The installation of Ronit Keret Tears, presented at the Palazzo Mora in Venice until the end of November, is a striking example of how an artist can contribute to our understanding of a significant scientific problem.
I believe artists have a unique skill to make us see and apprehend, through a visual language, the world around us, the challenges we face, and the significant issues humankind is dealing with. They do this by translating a scientific problem into an Art installation.
Obviously, the climate crisis is one of the most prevalent problems we humans have to address. As a result, more and more artists are now expressing these concerns in artworks, paintings, sculptures, and installations.
In 2018, Tomas Saraceno’s exhibition at Palais de Tokyo offered an alternative to the Anthropocene model – the aerocence, which was an art installation that was able to fly without fossil fuels.
In Ronit Keret’s installation, she raises our awareness of how to address man’s destructive impact on nature. Global warming is at the heart of Keret’s concerns, as Vera Pilpoul, the curator from Tel Aviv, explained when we met in Venice early in May when the exhibition opened.
Ronit Keret was born in Jerusalem. She currently lives in Haifa and graduated from the Midrasha School of Art at Beit Berl Academic College. For the past 11 years, she has been working with Styrofoam, using it for the first time in 2011 for an installation called “Forest”. It was a response to the deadliest catastrophe in Israel’s history, which took place in Mt. Carmel, where 44 people died, 20,000 people were evacuated from their homes, and 6,000 acres of forest and brushland were consumed.
“Forest” (2011), together with another installation “, When All Shall End” (2014) and “Tears” (2017–18) on view in Venice during the Biennale, formed three chapters of Keret’s oeuvre, addressing man’s destructive impact on nature and the future of planet earth.
As Ronit states, “A mere 1.5 degrees Celsius separate us from a complete disappearance of the earth’s glaciers, which will lead to the flooding of the globe and the end of life on it, as we know it.”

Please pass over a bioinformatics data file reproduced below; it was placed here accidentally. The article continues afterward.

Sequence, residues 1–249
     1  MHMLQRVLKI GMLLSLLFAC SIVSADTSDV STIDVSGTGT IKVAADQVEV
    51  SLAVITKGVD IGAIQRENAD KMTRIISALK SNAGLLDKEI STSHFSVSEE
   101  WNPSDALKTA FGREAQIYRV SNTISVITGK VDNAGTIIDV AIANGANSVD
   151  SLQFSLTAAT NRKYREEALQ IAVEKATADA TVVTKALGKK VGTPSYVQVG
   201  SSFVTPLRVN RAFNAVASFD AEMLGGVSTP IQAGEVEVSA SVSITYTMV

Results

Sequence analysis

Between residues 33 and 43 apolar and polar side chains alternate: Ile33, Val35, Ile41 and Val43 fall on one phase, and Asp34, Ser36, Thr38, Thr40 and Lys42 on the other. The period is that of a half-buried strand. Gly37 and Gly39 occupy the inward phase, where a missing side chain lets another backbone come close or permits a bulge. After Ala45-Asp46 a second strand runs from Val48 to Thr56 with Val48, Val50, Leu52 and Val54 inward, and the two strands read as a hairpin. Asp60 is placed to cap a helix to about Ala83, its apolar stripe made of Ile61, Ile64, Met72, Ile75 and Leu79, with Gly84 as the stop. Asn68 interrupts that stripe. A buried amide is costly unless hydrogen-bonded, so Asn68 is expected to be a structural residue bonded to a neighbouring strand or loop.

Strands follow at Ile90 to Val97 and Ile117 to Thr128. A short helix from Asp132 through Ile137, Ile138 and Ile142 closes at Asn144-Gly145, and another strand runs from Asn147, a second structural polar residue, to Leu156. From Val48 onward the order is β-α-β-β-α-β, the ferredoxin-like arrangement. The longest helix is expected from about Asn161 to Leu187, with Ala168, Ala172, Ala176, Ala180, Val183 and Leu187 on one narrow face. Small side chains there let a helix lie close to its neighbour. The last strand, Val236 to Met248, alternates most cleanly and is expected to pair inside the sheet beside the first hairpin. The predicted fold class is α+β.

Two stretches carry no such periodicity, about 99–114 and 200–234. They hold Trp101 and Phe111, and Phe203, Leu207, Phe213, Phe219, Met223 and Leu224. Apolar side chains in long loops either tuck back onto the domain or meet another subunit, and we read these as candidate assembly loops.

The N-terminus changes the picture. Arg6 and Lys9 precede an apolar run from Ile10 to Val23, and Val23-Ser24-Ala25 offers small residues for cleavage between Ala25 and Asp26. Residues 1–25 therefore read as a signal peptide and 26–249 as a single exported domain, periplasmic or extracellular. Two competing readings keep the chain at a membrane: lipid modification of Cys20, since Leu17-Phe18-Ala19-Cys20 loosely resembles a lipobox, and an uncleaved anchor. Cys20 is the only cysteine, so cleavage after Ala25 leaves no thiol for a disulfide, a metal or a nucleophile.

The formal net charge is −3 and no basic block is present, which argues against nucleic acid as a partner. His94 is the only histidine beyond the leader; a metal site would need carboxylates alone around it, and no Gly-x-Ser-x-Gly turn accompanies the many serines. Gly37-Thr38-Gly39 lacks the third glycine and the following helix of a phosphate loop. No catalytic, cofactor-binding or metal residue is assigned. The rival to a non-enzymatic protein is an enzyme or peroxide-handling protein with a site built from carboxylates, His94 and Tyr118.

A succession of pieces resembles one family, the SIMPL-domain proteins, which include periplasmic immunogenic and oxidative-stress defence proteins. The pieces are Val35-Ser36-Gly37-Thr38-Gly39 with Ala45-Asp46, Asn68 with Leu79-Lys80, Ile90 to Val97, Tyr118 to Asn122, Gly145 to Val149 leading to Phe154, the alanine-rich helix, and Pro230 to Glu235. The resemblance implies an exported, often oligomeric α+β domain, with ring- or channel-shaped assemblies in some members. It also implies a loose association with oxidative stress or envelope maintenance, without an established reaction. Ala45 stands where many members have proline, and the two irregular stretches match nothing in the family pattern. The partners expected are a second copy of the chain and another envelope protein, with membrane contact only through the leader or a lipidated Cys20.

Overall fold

TEARS is a multi-layered three-dimensional, and large-scale installation depicting an environment of glaciers made from thousands and thousands of little Styrofoam elements by the Israeli artist. The visitor undergoes a total sensory experience thanks to a sound system playing creaking and quiet sounds of breakage—an authentic recording of the glaciers cracking and breaking up.
With a grand and dramatic installation and two videos, the artist addresses man’s destructive impact on nature: melting glaciers at the poles. For years Keret has been collecting styrofoam scraps, packaging tossed in the trash once their original function is over. Using the mundane material in the tradition of Arte Povera, she gives them a new life as part of a spatial sculptural installation.
Ironically, Styrofoam is the emblematic artificial man-made non-biodegradable material. It is anti-sculptural in essence because of its non-elasticity, its tendency to break down into endless parts, and its textural surface. As Keret mentions, “The usage of white Styrofoam creates in my sculptures a stillness and a sense of the sublime as well as movement and possible disintegration at any given moment.” Accumulation is an important element of Keret’s practice: among the influences on her work, she mentions Ferdinand Cheval’s Ideal Palace (Le Palais idéal).
The white-monochromatic installation creates a space of beauty and spirituality where everyone can reflect and meditate. Here the white colour carries symbolic value as the colour of purity in Western culture and the colour of mourning in Eastern countries.
Overall, there is a sense of ephemerality and fragility in TEARS, yet it is utterly poetic.
Words and Photos: Virginie Puertolas-Syn ©Artlyst 2022
Ronit Keret’s exhibition is part of the international group exhibition “personal structures” that spans both Palazzo Mora & Bembo in Venice until the 27th of November.